I read from the information board that the ingredients of a typical banquet, which lasted several days, included 100 oxen, 130 sheep, 100 piglets, 60 fat pigs, 200 kids, 200 lambs, 100 calves, 2,000 heads of poultry and 6,000 eggs. To that were added products from hunting – venison, hare, partridges, cranes, herons and other wild birds. For those who did not eat meat, particularly men from the Church, various fish / sea food were served: dolphins, mullets, sole, hake, sea bream, turbot, sturgeon, salmon, eel, trout, carp and perch.
A veritable lesson in Zoology, I thought.
Spices, of exotic origin and therefore precious, were considered as basic ingredients. For seasoning, it was therefore necessary to have ginger, cinnamon, Guinea grains, pepper, nutmeg, cloves, mace, galingale and saffron.
There was also an impressive list of kitchen utensils and crockery used. But I shall not waste my time writing that out and include a couple of photographs (of the information board) instead.
The modest furniture collection of Chillion castle included 80 chests and cases, 40 tables, 140 seats and 25 cupboards/sideboards.
We also saw an amazing exhibition of medieval chests (mostly reproductions) in one of the grand rooms.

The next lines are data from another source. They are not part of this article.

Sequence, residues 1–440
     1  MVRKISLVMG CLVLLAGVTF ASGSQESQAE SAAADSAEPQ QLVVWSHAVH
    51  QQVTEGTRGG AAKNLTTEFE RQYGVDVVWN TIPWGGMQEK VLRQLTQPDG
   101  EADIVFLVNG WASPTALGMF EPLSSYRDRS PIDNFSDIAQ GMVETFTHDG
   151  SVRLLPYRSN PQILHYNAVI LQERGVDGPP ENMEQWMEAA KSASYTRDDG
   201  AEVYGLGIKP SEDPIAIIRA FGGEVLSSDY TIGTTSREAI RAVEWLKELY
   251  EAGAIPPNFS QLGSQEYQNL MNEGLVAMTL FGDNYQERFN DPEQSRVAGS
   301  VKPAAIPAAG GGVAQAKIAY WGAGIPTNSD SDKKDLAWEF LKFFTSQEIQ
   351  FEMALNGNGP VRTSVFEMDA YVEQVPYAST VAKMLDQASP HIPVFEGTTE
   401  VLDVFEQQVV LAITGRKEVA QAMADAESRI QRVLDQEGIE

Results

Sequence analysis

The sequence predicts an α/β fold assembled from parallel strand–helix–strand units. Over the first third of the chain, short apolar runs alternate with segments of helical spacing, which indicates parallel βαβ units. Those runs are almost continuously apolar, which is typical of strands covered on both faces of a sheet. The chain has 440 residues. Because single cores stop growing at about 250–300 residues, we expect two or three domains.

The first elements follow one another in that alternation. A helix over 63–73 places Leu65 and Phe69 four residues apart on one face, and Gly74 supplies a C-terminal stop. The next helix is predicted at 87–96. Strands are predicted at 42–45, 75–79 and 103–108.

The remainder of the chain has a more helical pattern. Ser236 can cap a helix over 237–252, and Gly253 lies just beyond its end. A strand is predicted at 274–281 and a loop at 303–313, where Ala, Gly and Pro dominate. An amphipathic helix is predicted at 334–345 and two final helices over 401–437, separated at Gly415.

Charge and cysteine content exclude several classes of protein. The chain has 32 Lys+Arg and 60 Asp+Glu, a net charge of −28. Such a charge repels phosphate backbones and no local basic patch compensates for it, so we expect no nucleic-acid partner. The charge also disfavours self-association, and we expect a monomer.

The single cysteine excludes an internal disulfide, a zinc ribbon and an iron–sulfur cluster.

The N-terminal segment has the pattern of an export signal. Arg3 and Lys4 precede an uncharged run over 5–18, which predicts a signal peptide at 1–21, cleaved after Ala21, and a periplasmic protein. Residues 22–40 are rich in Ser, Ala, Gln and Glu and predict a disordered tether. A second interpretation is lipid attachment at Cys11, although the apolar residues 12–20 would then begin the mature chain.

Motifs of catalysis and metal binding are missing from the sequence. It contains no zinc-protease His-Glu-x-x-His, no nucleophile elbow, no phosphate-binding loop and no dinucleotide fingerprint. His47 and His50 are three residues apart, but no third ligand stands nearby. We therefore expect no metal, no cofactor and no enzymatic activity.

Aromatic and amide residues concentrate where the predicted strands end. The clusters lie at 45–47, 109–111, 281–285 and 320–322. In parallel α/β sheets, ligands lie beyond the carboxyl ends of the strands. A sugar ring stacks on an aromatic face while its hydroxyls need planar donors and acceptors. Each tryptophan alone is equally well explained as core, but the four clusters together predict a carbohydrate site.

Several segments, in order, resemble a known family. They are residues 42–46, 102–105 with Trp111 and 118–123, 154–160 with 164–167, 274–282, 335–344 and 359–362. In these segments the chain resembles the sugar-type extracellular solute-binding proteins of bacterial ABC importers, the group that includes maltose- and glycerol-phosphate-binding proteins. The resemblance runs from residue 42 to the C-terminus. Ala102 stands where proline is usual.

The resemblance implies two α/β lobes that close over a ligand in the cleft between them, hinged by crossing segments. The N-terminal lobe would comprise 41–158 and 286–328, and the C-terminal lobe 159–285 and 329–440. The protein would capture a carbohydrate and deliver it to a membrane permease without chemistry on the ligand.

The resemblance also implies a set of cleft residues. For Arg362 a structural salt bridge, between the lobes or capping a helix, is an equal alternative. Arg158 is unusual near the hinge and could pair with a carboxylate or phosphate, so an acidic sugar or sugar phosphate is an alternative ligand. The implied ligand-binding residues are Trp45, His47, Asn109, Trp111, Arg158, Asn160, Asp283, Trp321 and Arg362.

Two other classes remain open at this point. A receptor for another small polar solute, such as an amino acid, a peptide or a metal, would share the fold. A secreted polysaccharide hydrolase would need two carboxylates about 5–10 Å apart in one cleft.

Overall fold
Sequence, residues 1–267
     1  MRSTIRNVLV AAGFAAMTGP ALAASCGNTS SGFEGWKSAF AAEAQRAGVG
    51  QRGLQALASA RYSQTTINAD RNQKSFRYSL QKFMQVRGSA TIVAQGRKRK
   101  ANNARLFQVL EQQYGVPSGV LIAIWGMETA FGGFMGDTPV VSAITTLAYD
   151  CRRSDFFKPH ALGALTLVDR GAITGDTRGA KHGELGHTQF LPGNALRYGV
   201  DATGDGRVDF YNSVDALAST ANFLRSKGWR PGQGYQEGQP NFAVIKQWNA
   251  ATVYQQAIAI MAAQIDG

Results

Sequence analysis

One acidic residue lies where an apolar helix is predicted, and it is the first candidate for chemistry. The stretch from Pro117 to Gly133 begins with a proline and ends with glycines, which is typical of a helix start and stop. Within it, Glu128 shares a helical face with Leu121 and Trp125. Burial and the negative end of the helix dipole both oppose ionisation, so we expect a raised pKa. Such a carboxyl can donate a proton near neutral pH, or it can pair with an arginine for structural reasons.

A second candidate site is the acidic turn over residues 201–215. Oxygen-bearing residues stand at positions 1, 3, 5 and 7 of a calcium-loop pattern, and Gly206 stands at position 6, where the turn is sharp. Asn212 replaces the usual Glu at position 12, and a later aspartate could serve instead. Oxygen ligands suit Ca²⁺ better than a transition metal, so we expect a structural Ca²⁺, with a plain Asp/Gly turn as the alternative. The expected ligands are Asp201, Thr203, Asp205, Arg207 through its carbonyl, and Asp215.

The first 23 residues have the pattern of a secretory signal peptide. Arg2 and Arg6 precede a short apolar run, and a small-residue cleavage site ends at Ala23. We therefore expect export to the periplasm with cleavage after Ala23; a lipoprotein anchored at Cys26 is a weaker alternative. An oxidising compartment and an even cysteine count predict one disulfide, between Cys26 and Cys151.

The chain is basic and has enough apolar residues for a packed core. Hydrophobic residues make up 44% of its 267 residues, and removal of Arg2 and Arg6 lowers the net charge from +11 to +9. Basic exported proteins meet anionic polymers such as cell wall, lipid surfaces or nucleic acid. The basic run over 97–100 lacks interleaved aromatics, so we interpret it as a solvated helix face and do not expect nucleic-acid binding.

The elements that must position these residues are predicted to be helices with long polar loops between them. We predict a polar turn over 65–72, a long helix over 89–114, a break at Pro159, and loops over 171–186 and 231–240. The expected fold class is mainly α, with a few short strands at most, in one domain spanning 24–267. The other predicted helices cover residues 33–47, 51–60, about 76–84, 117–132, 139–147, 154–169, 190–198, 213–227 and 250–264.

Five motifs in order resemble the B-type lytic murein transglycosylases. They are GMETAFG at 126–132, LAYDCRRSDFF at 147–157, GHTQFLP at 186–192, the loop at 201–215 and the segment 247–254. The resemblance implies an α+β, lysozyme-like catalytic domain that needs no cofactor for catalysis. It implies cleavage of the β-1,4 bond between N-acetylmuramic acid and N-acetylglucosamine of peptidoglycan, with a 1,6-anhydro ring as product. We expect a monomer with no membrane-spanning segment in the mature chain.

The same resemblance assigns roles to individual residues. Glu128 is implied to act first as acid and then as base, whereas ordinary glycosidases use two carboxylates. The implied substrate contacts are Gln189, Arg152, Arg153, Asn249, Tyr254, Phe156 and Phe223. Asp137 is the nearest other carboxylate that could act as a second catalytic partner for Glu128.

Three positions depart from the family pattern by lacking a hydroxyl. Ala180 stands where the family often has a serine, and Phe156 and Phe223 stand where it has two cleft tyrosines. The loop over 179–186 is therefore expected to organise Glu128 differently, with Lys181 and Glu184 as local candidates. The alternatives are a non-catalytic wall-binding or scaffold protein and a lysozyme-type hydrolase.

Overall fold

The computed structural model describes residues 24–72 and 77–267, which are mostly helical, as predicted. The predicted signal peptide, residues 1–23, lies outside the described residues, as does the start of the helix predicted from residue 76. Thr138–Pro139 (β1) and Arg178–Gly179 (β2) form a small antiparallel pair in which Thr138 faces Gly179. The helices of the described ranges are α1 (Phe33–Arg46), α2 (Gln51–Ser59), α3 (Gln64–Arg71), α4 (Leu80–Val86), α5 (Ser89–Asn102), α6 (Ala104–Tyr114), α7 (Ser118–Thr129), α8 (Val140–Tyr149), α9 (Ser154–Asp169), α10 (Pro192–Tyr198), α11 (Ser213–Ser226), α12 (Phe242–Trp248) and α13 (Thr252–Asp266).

The grand rooms these days are let out for seminars, exhibitions and receptions. We found the largest one (the Great Hall) booked for a Chinese (sic) wedding reception and there was a group of Swiss Alphorn players commissioned to welcome guests. Very interesting, I thought.
The bedrooms were comparatively modest, with the most notable one being the Camera domini, used by Count Aymon of Savoy.
In 1341, this bedroom was decorated in elaborate frescoes, by painter Jean de Grandson. Although in bad condition because of age, we could nevertheless make out the grandeur of the frescoes, from what little remained today. Apart from a heraldic frieze, abstract decorative and floral patterns, there were images of trees and grassland, lion, leopard, deer, wolves and gazelle and two fantasy animals – a griffon and a dragon.
And there was also the Bernese Chamber. It has a high four-poster bed, room heating and an attached private toilet that had running water – a luxury in those days. And there were beautiful minimalistic frescoes of vines, fruit and birds and abstract decorative motifs, painted high up on the wall.